55
views
0
recommends
+1 Recommend
0 collections
    0
    shares
      • Record: found
      • Abstract: not found
      • Article: not found

      The Metrics of the Physician Brain Drain

      1
      New England Journal of Medicine
      Massachusetts Medical Society

      Read this article at

      ScienceOpenPublisherPubMed
      Bookmark
          There is no author summary for this article yet. Authors can add summaries to their articles on ScienceOpen to make them more accessible to a non-specialist audience.

          Abstract

          There has been substantial immigration of physicians to developed countries, much of it coming from lower-income countries. Although the recipient nations and the immigrating physicians benefit from this migration, less developed countries lose important health capabilities as a result of the loss of physicians. Data on the countries of origin, based on countries of medical education, of international medical graduates practicing in the United States, the United Kingdom, Canada, and Australia were obtained from sources in the respective countries and analyzed separately and in aggregate. With the use of World Health Organization data, I computed an emigration factor for the countries of origin of the immigrant physicians to provide a relative measure of the number of physicians lost by emigration. International medical graduates constitute between 23 and 28 percent of physicians in the United States, the United Kingdom, Canada, and Australia, and lower-income countries supply between 40 and 75 percent of these international medical graduates. India, the Philippines, and Pakistan are the leading sources of international medical graduates. The United Kingdom, Canada, and Australia draw a substantial number of physicians from South Africa, and the United States draws very heavily from the Philippines. Nine of the 20 countries with the highest emigration factors are in sub-Saharan Africa or the Caribbean. Reliance on international medical graduates in the United States, the United Kingdom, Canada, and Australia is reducing the supply of physicians in many lower-income countries. Copyright 2005 Massachusetts Medical Society.

          Related collections

          Most cited references9

          • Record: found
          • Abstract: found
          • Article: found
          Is Open Access

          Imbalance in the health workforce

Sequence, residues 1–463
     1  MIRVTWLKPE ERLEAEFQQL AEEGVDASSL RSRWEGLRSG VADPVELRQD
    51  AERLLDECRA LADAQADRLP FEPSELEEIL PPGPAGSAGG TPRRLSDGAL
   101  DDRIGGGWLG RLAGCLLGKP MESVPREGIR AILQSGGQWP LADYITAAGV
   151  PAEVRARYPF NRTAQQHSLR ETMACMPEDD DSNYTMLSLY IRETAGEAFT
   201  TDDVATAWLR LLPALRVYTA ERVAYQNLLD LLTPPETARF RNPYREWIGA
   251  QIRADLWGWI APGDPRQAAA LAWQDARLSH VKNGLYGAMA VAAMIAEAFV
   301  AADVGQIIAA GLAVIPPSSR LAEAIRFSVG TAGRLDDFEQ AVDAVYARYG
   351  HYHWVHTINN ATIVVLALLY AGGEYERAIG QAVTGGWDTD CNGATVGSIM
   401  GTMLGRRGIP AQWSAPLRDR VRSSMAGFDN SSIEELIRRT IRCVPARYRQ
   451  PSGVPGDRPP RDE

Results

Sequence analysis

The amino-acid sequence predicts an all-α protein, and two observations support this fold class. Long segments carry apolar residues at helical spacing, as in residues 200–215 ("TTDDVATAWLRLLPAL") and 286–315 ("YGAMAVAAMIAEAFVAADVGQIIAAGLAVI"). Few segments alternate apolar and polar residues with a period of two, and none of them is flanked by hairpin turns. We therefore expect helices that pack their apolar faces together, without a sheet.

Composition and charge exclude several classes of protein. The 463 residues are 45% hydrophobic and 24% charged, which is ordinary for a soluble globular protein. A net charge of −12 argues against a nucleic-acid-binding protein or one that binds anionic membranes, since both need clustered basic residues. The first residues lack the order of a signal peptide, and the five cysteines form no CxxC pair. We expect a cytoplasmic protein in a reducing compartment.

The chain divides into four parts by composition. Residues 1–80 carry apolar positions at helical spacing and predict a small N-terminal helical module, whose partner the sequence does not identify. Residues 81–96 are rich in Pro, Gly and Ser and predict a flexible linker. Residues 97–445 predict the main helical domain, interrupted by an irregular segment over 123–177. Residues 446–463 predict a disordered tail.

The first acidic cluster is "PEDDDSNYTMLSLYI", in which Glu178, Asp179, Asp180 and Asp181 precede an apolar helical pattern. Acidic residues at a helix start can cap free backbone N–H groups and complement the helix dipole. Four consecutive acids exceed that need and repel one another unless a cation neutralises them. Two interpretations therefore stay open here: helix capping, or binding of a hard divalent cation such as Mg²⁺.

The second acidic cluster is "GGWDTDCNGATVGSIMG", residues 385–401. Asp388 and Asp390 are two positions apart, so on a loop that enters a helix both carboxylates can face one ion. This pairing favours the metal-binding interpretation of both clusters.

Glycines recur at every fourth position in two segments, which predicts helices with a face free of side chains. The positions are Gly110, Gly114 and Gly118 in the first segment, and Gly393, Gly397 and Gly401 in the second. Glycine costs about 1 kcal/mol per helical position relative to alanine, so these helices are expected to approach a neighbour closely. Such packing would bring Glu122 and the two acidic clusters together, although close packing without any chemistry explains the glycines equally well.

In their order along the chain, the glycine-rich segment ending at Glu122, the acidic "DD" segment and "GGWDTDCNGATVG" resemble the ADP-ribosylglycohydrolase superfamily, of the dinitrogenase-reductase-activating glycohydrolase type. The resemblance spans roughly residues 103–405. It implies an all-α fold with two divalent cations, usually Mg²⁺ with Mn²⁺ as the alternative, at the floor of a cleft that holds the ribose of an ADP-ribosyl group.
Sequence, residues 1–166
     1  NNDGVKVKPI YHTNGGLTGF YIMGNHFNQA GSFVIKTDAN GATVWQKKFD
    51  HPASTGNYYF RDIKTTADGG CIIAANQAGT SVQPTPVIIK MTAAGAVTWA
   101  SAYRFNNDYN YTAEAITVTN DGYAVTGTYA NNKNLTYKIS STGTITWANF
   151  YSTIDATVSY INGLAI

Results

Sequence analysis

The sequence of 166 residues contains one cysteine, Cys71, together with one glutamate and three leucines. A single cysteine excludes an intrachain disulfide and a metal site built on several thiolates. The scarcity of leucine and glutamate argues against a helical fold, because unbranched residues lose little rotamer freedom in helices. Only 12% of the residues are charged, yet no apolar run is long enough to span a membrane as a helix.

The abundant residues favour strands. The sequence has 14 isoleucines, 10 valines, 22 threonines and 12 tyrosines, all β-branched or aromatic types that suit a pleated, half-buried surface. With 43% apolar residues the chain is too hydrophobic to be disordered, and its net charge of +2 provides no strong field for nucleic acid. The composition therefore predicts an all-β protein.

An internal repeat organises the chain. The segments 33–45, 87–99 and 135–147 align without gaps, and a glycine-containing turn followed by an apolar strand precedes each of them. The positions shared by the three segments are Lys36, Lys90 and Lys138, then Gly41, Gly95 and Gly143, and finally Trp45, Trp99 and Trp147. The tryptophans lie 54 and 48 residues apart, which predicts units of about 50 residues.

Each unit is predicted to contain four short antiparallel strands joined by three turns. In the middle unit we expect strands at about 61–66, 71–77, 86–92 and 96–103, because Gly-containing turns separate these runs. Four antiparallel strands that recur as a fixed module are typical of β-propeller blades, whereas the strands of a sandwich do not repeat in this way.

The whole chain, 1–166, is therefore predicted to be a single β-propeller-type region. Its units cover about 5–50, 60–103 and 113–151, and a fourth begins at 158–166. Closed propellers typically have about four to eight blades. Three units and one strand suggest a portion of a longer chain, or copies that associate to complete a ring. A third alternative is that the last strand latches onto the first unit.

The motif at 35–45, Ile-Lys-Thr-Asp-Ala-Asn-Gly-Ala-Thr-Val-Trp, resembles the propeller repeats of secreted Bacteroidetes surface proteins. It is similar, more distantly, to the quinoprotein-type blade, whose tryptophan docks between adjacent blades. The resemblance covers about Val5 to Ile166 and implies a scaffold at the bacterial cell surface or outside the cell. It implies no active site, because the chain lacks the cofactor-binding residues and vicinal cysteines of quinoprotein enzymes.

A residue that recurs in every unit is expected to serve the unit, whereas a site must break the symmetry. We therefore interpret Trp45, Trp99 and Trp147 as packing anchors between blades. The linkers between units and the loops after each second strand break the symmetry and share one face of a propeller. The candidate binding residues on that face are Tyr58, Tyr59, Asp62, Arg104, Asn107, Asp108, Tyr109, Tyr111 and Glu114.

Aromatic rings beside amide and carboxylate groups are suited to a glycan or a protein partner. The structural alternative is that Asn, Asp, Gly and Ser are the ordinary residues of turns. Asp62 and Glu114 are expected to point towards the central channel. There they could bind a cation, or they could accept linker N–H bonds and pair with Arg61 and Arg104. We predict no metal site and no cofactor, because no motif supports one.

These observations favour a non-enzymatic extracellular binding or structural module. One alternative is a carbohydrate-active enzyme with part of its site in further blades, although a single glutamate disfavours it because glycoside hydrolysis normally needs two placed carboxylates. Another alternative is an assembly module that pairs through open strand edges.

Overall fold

Imbalance in the health workforce is a major concern in both developed and developing countries. It is a complex issue that encompasses a wide range of possible situations. This paper aims to contribute not only to a better understanding of the issues related to imbalance through a critical review of its definition and nature, but also to the development of an analytical framework. The framework emphasizes the number and types of factors affecting health workforce imbalances, and facilitates the development of policy tools and their assessment. Moreover, to facilitate comparisons between health workforce imbalances, a typology of imbalances is proposed that differentiates between profession/specialty imbalances, geographical imbalances, institutional and services imbalances and gender imbalances.
            Bookmark
            • Record: found
            • Abstract: found
            • Article: not found

            Responding to the global human resources crisis.

            The global community is in the midst of a growing response to health crises in developing countries, which is focused on mobilising financial resources and increasing access to essential medicines. However, the response has yet to tackle the most important aspect of health-care systems--the people that make them work. Human resources for health--the personnel that deliver public-health, clinical, and environmental services--are in disarray and decline in much of the developing world, particularly in sub-Saharan Africa. The reasons behind this disorder are complex. For decades, efforts have focused on building training institutions. What is becoming increasingly clear, however, is that issues of supply, demand, and mobility (transnational, regional, and local) are central to the human-resource problem. Without substantial improvements in workforces, newly mobilised funds and commodities will not deliver on their promise. The global community needs to engage in four core strategies: raise the profile of the issue of human resources; improve the conceptual base and statistical evidence available to decision makers; collect, share, and learn from country experiences; and begin to formulate and enact policies at the country level that affect all aspects of the crisis.
              Bookmark
              • Record: found
              • Abstract: not found
              • Article: not found

              Brain drain and health professionals

              T Y Pang (2002)
                Bookmark

                Author and article information

                Journal
                New England Journal of Medicine
                N Engl J Med
                Massachusetts Medical Society
                0028-4793
                1533-4406
                October 27 2005
                October 27 2005
                : 353
                : 17
                : 1810-1818
                Affiliations
                [1 ]From the George Washington University School of Public Health and Health Services, Washington, D.C.
                Article
                10.1056/NEJMsa050004
                16251537
                9c0c0967-7c43-4f69-b9de-0e3b70ad4836
                © 2005
                History

                Comments

                Comment on this article